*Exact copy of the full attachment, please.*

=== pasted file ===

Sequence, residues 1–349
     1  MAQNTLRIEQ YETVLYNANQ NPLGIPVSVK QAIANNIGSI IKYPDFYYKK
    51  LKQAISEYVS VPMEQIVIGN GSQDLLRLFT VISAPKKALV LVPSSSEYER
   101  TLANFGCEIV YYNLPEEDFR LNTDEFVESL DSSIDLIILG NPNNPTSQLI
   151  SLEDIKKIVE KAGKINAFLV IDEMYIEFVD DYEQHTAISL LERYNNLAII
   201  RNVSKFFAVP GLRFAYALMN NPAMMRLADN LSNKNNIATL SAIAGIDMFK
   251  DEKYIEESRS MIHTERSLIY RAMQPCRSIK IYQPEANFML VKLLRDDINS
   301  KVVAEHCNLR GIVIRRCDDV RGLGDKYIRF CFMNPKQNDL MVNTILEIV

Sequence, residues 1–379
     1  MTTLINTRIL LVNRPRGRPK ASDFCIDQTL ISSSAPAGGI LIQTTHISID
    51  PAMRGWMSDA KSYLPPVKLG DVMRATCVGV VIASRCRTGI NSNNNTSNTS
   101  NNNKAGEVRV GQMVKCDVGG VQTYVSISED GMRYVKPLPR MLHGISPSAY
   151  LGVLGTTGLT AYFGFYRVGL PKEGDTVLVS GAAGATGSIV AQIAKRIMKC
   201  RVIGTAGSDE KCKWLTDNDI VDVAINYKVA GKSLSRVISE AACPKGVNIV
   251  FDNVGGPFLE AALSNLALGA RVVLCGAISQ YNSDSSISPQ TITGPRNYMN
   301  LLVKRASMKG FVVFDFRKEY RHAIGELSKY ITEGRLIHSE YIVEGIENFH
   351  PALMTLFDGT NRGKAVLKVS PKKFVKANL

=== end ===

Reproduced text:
Sequence, residues 1–349
     1  MAQNTLRIEQ YETVLYNANQ NPLGIPVSVK QAIANNIGSI IKYPDFYYKK
    51  LKQAISEYVS VPMEQIVIGN GSQDLLRLFT VISAPKKALV LVPSSSEYER
   101  TLANFGCEIV YYNLPEEDFR LNTDEFVESL DSSIDLIILG NPNNPTSQLI
   151  SLEDIKKIVE KAGKINAFLV IDEMYIEFVD DYEQHTAISL LERYNNLAII
   201  RNVSKFFAVP GLRFAYALMN NPAMMRLADN LSNKNNIATL SAIAGIDMFK
   251  DEKYIEESRS MIHTERSLIY RAMQPCRSIK IYQPEANFML VKLLRDDINS
   301  KVVAEHCNLR GIVIRRCDDV RGLGDKYIRF CFMNPKQNDL MVNTILEIV

Sequence, residues 1–379
     1  MTTLINTRIL LVNRPRGRPK ASDFCIDQTL ISSSAPAGGI LIQTTHISID
    51  PAMRGWMSDA KSYLPPVKLG DVMRATCVGV VIASRCRTGI NSNNNTSNTS
   101  NNNKAGEVRV GQMVKCDVGG VQTYVSISED GMRYVKPLPR MLHGISPSAY
   151  LGVLGTTGLT AYFGFYRVGL PKEGDTVLVS GAAGATGSIV AQIAKRIMKC
   201  RVIGTAGSDE KCKWLTDNDI VDVAINYKVA GKSLSRVISE AACPKGVNIV
   251  FDNVGGPFLE AALSNLALGA RVVLCGAISQ YNSDSSISPQ TITGPRNYMN
   301  LLVKRASMKG FVVFDFRKEY RHAIGELSKY ITEGRLIHSE YIVEGIENFH
   351  PALMTLFDGT NRGKAVLKVS PKKFVKANL